A simple way to get your reenforcement ring centered is to use a compass to draw a circle on some thin cardboard the diameter of your primary. Then draw about a one inch diameter circle at the center of the primary-sized circle.

Cut out the primary-sized cardboard circle, then cut out and remove the circle in the center.

A trick I've read about is to fold the cardboard cutout in half. Then unfold and fold in half 90 degrees from the first fold. Unfold again, and you have a cardboard circle with a cutout in the center, the fold lines helping to identify the precise center of the hole.

Carefully place this cardboard circle gently on the top of your primary to rest only on the outside edge of the primary. Don't push the cardboard down onto the primary's surface.

Use the fold lines to help identify the center of the cutout circle, and glue your reenforcement ring on the exposed primary at the center of the hole.

This glued on ring can remain on your primary as a handy tool to aid in subsequent collimations.



Misaligned Secondary

The Initial View

The Cheshire eyepiece has a cross hair and a cutout in the side to reflect light down the eyepiece tube as you're looking through it.

Chances are, you'll see something like the image above on your first peek if you've never aligned your optics before, or if you've re-installed mirrors after a cleaning.

In this and the following images, the black circle and black cross hairs represent the visible parts of the Cheshire eyepiece.

The green circle represents the image of the secondary, which should be centered in the Cheshire eyepiece view.

The blue circle represents the reflected image of the primary mirror, which may initially be quite off center and not even entirely visible.

The black dot represents the notebook ring on the primary.

The red circle with cross hair represents the reflected image of the Cheshire eyepiece.



Collimation -- Secondary

The first step (see above image) involves adjusting the secondary alignment until:

  • the secondary appears centered in the view

  • the reflection of the primary appears centered in the secondary

  • the reflected image of the reenforcement ring on the primary is centered on the Cheshire eyepiece cross hair.
  • This animation shows the results of completing the secondary alignment. The secondary is centered in the view, the reflected image of the primary appears concentric with the secondary, and the center dot (or reenforcement ring) appears centered on the Cheshire eyepiece cross hair.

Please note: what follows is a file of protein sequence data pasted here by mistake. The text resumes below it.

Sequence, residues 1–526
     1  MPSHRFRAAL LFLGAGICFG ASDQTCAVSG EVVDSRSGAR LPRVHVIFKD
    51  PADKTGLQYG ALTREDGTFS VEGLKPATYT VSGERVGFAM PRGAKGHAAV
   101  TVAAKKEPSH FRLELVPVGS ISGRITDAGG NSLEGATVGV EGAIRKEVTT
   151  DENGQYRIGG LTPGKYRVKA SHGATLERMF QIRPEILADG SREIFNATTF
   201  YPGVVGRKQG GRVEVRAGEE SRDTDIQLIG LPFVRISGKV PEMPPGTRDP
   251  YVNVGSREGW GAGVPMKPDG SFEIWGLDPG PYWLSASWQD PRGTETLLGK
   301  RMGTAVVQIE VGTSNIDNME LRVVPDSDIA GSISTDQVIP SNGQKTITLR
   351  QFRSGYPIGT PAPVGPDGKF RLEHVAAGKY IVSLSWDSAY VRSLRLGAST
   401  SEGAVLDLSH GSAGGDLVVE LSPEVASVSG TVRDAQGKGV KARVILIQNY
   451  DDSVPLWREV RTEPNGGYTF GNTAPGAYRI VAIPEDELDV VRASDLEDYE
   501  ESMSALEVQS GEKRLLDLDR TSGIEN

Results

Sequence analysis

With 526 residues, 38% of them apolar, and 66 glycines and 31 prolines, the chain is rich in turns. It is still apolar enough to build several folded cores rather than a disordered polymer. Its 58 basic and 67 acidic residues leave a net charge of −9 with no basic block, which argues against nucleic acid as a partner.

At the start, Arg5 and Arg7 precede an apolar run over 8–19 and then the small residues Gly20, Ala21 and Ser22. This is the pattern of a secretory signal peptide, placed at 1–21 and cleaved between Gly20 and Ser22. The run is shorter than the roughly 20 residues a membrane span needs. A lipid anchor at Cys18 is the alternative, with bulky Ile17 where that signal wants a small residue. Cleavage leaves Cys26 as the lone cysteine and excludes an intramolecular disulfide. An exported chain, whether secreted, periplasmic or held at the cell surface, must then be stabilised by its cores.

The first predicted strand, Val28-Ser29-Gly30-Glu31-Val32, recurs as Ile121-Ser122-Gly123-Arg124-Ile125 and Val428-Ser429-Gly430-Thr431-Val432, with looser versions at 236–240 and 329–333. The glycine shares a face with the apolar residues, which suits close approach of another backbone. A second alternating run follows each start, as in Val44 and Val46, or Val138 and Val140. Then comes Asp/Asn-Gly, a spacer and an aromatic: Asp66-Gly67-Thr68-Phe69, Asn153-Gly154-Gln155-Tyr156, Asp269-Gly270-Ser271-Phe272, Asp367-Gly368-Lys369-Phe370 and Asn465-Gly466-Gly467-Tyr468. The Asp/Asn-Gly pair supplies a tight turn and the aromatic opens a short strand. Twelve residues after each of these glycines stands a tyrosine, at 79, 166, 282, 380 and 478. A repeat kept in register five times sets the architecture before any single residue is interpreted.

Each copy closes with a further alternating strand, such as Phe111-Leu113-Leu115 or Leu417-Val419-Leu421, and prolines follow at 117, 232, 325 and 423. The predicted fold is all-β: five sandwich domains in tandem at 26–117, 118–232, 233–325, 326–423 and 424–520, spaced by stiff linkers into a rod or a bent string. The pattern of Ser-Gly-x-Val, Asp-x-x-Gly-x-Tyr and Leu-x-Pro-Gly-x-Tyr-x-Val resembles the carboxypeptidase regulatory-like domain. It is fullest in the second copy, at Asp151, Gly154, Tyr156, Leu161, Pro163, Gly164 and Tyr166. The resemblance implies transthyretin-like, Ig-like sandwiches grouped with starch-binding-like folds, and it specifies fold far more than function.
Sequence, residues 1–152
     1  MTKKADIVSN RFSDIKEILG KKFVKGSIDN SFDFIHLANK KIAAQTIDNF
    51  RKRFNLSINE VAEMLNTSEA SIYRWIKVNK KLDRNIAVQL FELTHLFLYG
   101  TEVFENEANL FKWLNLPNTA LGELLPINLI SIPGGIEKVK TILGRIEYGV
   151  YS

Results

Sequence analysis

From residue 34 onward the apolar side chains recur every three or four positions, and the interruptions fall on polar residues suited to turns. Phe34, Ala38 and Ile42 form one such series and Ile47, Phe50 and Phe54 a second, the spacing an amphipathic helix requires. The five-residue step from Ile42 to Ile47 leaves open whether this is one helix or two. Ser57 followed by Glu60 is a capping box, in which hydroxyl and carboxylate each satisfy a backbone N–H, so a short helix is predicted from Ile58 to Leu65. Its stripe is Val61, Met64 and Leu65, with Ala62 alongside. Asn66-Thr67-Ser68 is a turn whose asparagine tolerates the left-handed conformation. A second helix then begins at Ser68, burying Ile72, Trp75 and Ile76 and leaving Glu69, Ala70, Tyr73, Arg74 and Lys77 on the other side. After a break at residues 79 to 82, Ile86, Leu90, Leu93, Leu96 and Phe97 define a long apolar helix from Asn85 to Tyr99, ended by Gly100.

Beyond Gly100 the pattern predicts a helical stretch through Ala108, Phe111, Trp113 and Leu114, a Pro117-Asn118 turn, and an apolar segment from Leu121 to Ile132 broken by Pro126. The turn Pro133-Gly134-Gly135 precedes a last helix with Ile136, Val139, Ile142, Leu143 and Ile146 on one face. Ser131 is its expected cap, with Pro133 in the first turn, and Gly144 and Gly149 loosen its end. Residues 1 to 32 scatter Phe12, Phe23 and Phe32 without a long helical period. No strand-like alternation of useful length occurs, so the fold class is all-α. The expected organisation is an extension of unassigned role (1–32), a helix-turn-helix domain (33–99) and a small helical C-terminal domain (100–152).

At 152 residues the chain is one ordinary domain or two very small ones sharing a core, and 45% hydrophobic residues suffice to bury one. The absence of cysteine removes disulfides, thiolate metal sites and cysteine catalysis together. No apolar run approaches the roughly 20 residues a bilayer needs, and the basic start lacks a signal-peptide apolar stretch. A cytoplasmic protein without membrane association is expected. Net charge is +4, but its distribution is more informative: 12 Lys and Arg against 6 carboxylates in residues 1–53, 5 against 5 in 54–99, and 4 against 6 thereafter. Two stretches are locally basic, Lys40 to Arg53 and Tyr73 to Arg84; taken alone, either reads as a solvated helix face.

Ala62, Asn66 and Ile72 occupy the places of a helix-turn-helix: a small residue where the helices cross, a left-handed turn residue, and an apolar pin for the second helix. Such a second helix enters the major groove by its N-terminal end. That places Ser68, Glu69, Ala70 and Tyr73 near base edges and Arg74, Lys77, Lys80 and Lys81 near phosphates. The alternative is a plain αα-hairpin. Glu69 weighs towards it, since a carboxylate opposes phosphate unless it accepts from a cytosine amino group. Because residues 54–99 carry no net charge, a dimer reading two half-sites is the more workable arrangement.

Chances are, the reflected image of the Cheshire eyepiece (the red cross hair) will not be centered.



    Collimation -- Primary

    To center the reflected image (see illustration above) of the Cheshire eyepiece, adjust the primary alignment using the adjustment screws on the back of the primary mirror cell, as shown in this animation.

    Note that some mirror cells simply have 3 spring-loaded adjusting screws, while others have 3 pairs of screws. When in pairs, usually one of the pair is a tensioning screw that must be loosened, and the other is the actual adjusting screw.

    If you have the pairs of screws, loosen all three tensioning screws, do the adjustment with the adjusting screws, then re-tighten the tensioning screws.

    Whichever method your primary cell uses, tweak them until you can co-align the Cheshire reflection with the cross hairs built into the Cheshire eyepiece.

    If you are successful in performing the previous two steps, you should see something like the image above when you look through your Cheshire eyepiece.

  • Note that the Cheshire, the secondary, and the image of the primary all appear concentric.

  • The reenforcement ring you placed on the center of the primary appears centered on the cross hairs of the Cheshire eyepiece.

  • The reflected image of the Cheshire eyepiece also appears centered on the cross hairs.

  • If you see this, you will have a well collimated telescope that should provide good images. Also, subsequent alignments will be less dramatic unless you've had to remove the mirrors for cleaning.

    If you wish, you can do a final tweak of the collimation on your next outing by examining an inside and outside of focus star image. You might need minor adjustments of your primary to get an out of focus star image that looks like preciously centered concentric rings.